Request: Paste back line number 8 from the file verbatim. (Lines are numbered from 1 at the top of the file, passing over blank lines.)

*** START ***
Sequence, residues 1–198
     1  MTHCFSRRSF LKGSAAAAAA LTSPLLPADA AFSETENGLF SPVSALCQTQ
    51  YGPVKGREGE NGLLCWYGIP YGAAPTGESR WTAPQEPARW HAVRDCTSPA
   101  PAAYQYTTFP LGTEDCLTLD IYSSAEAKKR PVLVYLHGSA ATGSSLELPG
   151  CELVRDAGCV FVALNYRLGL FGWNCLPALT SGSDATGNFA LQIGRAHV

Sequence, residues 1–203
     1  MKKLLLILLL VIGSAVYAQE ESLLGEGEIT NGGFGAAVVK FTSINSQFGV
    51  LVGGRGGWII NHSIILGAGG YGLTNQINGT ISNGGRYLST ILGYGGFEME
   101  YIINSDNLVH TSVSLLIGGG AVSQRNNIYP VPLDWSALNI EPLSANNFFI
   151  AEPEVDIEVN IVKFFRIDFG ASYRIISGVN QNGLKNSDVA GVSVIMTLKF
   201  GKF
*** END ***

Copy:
    51  LVGGRGGWII NHSIILGAGG YGLTNQINGT ISNGGRYLST ILGYGGFEME